The Seahawks need to get revenge for Seattle against the Bay Area. The Washington Huskies came down to play Stanford and Cal unable to pull out a win against either. After getting absolutely blown out against the Bears, they fought hard but just couldn't overtake the Cardinal, falling 79-67.
There two two major problems for UW against Stanford. One, Washington doesn't have any true size inside. There is no shot-blocker patrolling inside the paint. While Jernard Jarreau isn't known as a rim protector, his length could have been used to bother shots against Stanford, and could have been used to help prevent a near-career-high for Chasson Randle and would have allowed UW to match up a bit better against the size inside for Stanford.
Second, shots just didn't fall. Plain and simple. Chippies around the rim just rolled and bounced but wouldn't go down. Jumpers just refused to pass through the rim. Forty-three percent shooting is not a bad percentage. Slightly below-average, but certainly not something that could keep a team from losing. Washington just missed so many shots that would usually go in. They shot 5-20 from deep. Just, shots didn't go down.
The first half featured a lot of Stanford at the foul line. Washington committed nine fouls compared to seven for the Cardinal, but the difference was that Stanford was able to get to the line by forcing shooting fouls. Johnny Dawkins knew that the advantage was inside, and he used that to his advantage. Stanford took 17 free throws, while UW took five. Stanford made 14 of those attempts while UW made three.
Dwight Powell had 11 of those attempts. He came into the game shooting 63 percent from the line, and made his last four free throws of the half. He entered halftime with 12 The high-scorer for Stanford was Chasson Randle with 14. He did his job at getting in the lane, and made all six of his free throw attempts. Halftime saw the Huskies trailing six when it felt oh so much worse.
Then the second half, hit and things did get worse. Washington's lack of size inside was apparent, as nobody was able to protect the rim against Randle. He hit the mark of 20 points with over 15 minutes left in the game. He constantly was slithering into the middle of the lane and Washington was helpless in being able to stop it. He finished a single point off of his career-best mark, scoring 32. He could have easily set his mark but instead settled for the ho-hum total.
Leading Washington was Nigel Williams-Goss. He had a quietly great game. 17 points, seven rebounds, seven assists. He was 3-5 from deep, which is tied for a career-high in made threes. It was also the first time that NWG made a shot from behind the arc in conference play. The problem was not the freshman point guard - offensively at least - it was everything else.
NWG went 3-5 from deep, Mike Anderson went 1-3, C.J. Wilcox went 1-6 and Andrew Andrews went 0-5. Washington just didn't hit their shots.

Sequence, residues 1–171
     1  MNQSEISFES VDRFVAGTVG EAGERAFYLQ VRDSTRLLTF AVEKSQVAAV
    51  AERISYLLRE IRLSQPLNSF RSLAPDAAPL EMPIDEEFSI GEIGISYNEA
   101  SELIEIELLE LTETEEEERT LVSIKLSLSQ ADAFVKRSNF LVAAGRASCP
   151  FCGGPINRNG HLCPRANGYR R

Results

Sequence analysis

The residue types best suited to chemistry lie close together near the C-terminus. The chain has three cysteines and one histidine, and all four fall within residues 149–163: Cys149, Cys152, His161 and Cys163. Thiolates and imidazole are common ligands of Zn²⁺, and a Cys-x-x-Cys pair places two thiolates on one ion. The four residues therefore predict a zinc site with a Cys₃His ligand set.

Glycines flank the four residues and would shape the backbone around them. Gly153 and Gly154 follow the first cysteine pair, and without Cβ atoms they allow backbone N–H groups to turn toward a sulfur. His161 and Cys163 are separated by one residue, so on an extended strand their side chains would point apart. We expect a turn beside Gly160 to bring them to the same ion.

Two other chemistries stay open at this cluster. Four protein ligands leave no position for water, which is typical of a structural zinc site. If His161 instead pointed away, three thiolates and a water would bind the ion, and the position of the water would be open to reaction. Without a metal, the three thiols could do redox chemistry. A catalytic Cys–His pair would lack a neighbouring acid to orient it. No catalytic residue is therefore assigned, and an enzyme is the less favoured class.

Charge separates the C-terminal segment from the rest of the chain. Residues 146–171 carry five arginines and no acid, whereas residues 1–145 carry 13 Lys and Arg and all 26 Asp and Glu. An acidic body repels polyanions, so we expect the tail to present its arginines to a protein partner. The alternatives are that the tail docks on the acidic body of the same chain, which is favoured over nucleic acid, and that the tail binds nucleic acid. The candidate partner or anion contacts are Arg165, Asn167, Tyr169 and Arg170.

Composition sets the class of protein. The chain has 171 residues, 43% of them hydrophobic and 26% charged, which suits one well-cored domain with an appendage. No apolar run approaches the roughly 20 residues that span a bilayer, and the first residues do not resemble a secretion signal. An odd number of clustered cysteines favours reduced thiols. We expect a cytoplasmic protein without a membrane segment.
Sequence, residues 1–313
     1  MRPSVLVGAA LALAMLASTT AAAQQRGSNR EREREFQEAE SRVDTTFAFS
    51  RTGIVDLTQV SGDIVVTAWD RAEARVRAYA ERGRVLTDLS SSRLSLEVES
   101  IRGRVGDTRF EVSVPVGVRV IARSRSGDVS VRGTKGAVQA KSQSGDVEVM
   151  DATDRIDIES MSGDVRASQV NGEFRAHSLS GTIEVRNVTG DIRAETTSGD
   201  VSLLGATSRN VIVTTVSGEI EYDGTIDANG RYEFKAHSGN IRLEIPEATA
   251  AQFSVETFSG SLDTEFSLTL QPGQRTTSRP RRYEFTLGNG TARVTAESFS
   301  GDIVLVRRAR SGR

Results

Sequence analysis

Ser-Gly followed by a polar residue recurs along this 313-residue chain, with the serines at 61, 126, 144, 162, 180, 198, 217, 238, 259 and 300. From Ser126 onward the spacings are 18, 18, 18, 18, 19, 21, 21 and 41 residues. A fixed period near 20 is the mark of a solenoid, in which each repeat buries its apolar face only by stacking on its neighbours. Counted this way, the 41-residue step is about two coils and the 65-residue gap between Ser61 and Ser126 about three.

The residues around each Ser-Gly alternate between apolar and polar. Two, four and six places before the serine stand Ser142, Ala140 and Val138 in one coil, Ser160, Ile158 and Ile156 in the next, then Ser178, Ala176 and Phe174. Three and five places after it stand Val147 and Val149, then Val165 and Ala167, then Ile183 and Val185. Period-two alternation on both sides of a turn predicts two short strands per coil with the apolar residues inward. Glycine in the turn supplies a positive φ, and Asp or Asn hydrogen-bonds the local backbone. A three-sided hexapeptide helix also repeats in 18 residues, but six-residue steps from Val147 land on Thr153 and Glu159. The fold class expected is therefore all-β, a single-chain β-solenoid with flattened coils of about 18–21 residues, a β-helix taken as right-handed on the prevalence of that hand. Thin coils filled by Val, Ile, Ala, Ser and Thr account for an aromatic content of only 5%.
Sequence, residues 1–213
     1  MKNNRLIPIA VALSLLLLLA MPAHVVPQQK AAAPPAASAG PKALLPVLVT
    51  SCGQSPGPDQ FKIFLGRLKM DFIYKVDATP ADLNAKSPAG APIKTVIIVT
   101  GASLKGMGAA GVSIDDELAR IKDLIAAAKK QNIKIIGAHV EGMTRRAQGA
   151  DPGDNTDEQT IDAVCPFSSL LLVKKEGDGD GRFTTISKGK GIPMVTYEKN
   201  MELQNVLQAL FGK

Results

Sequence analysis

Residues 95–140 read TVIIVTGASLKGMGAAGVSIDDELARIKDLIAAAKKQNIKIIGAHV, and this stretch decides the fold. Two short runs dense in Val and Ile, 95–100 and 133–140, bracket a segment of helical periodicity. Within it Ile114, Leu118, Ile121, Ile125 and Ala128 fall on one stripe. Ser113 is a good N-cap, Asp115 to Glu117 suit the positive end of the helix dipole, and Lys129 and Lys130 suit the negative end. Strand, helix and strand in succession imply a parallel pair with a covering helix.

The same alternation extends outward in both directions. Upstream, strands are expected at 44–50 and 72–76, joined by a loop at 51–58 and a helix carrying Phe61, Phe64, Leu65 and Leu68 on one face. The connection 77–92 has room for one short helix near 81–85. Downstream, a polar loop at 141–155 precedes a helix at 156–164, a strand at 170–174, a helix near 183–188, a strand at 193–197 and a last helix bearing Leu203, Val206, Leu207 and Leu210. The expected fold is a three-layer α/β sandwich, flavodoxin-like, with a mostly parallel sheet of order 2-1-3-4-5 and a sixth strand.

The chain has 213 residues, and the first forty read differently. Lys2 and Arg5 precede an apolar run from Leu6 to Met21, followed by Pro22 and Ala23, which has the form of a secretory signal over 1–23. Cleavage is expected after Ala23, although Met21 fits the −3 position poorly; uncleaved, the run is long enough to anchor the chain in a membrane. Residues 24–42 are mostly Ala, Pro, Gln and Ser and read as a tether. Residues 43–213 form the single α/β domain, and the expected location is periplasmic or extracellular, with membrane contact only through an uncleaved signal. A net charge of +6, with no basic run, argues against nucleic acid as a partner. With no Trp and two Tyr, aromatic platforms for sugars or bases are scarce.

- I want to reiterate how good of a came NWG had. Nobody on Twitter or on the broadcast paid that much attention to him, but he had a very good game, and was the reason Washington was really still in the game. As a freshman, he is the second-best player on the team. He came into UW being advertised as a pass-first point guard, yet is averaging 12 points per game because he has to. He is doing it with transition baskets and floaters. Tonight he had his jumper going as well.
- Shawn Kemp Jr. was the only other player for Washington in double figures. It is a shame that he has been ravaged with Grave's disease, as I really feel like he would be a much bigger part of this team if he didn't have to deal with the disorder. It was nice to see him have a good game nonetheless. Most of his baskets came via wide-open dunks (all but a free throw), but he was able to show his hands and rebounding ability with six boards. He committed only two fouls, which is a very big deal for him.
- I understand what Andrew Andrews brings to this team. I understand that he is a very important member of this team because of the skill-set he has. He still frustrates me so much. The biggest reason that the mid-range jumper has become a "lost art" in basketball is because the long two is the most inefficient shot in the game. He takes more long twos and heavily contested shots at the rim than anyone else.
Andrews deals with something that Tony Wroten dealt with when he spent his lone season at Washington. Once he gets into the lane, he has to go off of the glass. It isn't to quite the extreme of Wroten, but it is a detriment to his game. When he uses his quickness to get into the lane, he doesn't have something to use when a big man contests. There is a reason that he hits the deck more than any other: he has to go right at shot-blockers who don't have any reason to extend.
He is really good at pushing the break after a made basket, and he has the ability to create his own shot and hit open threes. His shot selection is very questionable and his style of play is frustrating, especially when combined with some questionable defense. He still has a chance to be even better than Justin Dentmon. Nobody will turn that down for someone who was thought to be an afterthought to a recruiting class, as a last-second add where Wroten headlined.